Breach of Duty

“Breach of duty” is a term that every law student learns early on. Formally, it is the second of the four elements of a negligence claim. You must prove breach of duty, along with three other legal elements, to win a negligence claim based on personal injury.

Context: The Four Elements of a Negligence Claim

To win a claim for negligence against an at-fault party, you must prove the following four elements:

  • Duty: The defendant owed you a duty of care.
  • Breach: The defendant breached their duty of care.
  • Damages: You suffered bodily harm.
  • Causation: The defendant’s breach of their duty of care was the foreseeable cause of the harm you suffered.

You must prove all of the foregoing elements, but you don’t have to prove them ‘beyond a reasonable doubt.’ You only have to prove a greater than 50% likelihood that each element is present.

Duties of Care: The Various Forms

Most personal injury cases involve the application of one of the following forms of the duty of care:

  • Ordinary care: This is the duty of care that applies to almost every adult. Drive safely, and don’t engage in stupid or reckless activities, and more. Everyone except children and the mentally ill has a duty to act reasonably to avoid injuring others.
  • The professional duty of care: A professional duty of care is an elevated duty of care that applies to people who are highly trained in a particular profession. A cardiologist, for example, must comply with a much higher duty of care than a ‘Good Samaritan’ who provides roadside assistance at the scene of a car accident. Likewise, a cardiologist must comply with a higher duty of care than a general practitioner in many contexts.
  • Premises liability: The owner or operator of land or buildings owes a duty of care towards guests to either repair or warn of any dangerous conditions that they could discover through a reasonable inspection. In almost all cases, there is no duty to trespassers.

The majority of personal injury claims rely on establishing a duty of care (in addition to the other elements listed above).

How “Duty of Care” and “Breach of Duty” Work Together in Personal Injury Claims

Understanding the interplay between “duty of care” and “breach of duty” is critical. Their application varies widely depending on the circumstances. Following are some illustrative examples:

  • Mark, a grocery store customer, slipped and fell on spilled liquid as he was walking down the aisle. Mark wins by proving that the grocery store owner had a duty to keep their premises safe for customers and that they violated this duty by failing to promptly clean up spilled liquids
  • A driver runs a red light and causes a car accident. Their duty was to stop for the light, and they breached their duty by running it. Breach of duty might not be so easy to establish if the injured party had claimed that the defendant caused the accident by “tailgating.” After all, when it comes to following too closely, how close is too close?
  • A dog owner allows their dog to roam freely, resulting in a dog bite claim from a neighbor.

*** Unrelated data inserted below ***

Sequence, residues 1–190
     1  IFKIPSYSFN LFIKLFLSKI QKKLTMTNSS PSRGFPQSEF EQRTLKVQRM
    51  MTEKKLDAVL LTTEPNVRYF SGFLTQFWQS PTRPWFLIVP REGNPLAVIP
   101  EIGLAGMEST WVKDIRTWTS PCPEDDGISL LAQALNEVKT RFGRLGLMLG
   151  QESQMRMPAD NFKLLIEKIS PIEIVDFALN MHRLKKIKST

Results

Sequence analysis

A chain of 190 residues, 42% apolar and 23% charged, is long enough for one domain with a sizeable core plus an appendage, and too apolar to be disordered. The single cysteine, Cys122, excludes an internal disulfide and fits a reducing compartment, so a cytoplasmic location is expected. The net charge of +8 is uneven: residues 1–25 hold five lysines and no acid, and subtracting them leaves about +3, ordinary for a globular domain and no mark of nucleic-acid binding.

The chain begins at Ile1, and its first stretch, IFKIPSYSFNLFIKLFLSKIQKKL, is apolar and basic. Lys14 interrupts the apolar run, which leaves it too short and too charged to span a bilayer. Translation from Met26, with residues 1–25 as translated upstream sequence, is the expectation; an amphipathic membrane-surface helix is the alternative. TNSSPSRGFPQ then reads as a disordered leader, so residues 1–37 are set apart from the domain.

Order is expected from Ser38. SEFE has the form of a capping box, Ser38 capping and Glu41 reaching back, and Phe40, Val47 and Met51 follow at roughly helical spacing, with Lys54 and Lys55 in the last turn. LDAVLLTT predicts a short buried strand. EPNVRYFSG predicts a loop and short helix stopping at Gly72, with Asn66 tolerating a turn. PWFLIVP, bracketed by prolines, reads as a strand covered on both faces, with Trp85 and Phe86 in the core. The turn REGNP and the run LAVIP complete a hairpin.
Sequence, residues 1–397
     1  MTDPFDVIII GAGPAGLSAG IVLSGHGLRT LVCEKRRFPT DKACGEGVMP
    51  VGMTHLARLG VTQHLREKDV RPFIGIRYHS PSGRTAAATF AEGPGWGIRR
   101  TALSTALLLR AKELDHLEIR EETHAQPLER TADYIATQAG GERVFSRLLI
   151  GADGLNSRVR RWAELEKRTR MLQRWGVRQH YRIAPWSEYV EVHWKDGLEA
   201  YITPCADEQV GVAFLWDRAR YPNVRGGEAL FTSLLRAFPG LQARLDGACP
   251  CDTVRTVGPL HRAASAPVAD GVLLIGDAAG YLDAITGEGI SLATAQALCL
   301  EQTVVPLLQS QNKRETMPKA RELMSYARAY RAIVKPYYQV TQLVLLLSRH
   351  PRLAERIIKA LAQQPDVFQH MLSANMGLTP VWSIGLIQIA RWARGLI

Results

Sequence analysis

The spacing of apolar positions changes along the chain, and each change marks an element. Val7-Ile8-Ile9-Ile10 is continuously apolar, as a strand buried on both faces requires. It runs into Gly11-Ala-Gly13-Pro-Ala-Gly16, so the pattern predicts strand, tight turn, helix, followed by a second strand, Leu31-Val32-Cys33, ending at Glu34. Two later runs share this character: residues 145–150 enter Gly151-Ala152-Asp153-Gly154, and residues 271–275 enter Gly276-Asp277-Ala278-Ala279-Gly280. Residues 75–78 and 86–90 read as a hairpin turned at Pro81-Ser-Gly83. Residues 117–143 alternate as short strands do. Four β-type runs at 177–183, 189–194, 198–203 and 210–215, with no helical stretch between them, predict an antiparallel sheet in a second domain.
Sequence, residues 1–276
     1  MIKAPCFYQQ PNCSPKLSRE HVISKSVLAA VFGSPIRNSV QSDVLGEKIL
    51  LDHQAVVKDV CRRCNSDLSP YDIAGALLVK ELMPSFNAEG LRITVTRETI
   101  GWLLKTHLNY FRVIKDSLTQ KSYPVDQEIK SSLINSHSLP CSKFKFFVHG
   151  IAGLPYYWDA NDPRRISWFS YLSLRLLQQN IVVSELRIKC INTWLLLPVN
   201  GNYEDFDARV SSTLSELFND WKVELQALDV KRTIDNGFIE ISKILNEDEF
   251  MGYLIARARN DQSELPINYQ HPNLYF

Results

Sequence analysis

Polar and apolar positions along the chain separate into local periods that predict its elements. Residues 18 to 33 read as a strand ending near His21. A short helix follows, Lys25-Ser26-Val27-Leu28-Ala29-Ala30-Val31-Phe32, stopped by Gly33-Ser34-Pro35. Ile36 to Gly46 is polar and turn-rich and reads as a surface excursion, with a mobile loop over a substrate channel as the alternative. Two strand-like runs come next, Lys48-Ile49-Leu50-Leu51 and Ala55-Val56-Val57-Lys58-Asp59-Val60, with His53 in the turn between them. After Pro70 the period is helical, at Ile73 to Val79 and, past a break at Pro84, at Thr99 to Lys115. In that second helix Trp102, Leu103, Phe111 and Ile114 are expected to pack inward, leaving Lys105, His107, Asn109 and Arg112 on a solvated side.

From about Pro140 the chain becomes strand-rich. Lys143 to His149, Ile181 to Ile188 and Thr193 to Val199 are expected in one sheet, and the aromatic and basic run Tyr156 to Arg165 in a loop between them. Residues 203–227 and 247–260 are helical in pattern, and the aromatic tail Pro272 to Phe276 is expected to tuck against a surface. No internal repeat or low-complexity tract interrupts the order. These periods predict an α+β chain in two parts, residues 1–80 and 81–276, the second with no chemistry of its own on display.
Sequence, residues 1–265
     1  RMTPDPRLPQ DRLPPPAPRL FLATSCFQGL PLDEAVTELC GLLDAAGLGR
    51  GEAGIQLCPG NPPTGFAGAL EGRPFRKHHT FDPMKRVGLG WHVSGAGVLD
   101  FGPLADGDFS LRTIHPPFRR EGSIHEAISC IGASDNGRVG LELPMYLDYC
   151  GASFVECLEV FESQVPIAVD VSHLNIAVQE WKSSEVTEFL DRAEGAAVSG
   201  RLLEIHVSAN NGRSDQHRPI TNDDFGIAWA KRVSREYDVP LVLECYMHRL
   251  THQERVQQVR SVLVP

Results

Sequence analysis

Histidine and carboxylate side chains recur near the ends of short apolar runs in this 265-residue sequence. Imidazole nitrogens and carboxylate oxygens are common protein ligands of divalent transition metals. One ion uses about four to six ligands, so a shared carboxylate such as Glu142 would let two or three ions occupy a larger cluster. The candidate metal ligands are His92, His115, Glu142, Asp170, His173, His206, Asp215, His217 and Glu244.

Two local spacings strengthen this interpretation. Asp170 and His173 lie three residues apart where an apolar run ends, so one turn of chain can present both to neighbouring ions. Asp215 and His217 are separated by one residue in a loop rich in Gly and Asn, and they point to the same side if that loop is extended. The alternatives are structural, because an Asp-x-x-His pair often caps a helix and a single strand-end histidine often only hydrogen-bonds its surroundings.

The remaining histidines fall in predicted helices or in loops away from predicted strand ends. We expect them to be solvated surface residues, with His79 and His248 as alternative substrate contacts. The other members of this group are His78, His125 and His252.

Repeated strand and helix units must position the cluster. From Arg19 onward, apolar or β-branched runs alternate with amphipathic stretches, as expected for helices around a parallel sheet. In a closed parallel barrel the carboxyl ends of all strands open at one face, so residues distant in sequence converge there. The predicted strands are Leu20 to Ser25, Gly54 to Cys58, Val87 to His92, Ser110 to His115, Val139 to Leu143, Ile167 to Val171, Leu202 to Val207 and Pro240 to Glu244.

In some cases, you might need an expert witness to prove breach of duty. 

Ways of Proving Breach of Duty

Following is a listing of some of the ways that injury victims commonly prove breach of duty of care.

Appeal to Common Sense

Sometimes it all comes down to common sense. Tossing solid waste off a freeway overpass onto a highway, for example, is bound to get someone hurt. Sometimes simply proving what happened is enough to win your claim. 

Res Ipsa Loquitur

Res ipsa loquitur (‘the thing speaks for itself’) is a way of proving breach of duty by establishing that an accident would not have occurred unless someone was negligent. It might apply if, for example, if:

  • A hammer falls from the top of a building and hits a pedestrian;
  • A lighter explodes in someone’s face; or
  • An elevator drops and thereby injures someone.

Oftentimes, an injury victim will use res ipsa loquitur to provide the liability of someone responsible for maintaining equipment or mechanical systems. Res ipsa loquitur allows you to establish liability without specifying the exact nature of the breach of duty.

Negligence Per Se

‘Negligence per se’ is a shortcut to proving negligence by proving that the defendant broke a safety statute or regulation. In this case, the statute or regulation defines the duty of care, and the violation is what constitutes the breach of duty.

Expert Witness Testimony

In cases of professional negligence, the issue might be something technical, like “Should the doctor have ordered a C-section under those circumstances?” In this case, you might need the testimony of an expert witness to prove your claim.

A Columbus Personal Injury Lawyer Can Help You Sort It Out

Unless you are very familiar with Georgia negligence law, it can be challenging to establish a negligence claim to a court or an insurance company. Proving breach of duty is often the sticking point. Fear not, for a skilled Columbus personal injury can “unstick” it for you. 

Contact an experienced Personal Injury Lawyer at Columbus, GA

We highly recommend reaching out to an experienced Columbus Personal Injury Attorney from Mark Casto Personal Injury Law Firm, we will provide you with guidance before taking any legal steps. Get in touch today with our personal injury law office, and don’t hesitate to give us a call at (706) 940-4030. We’re here to help!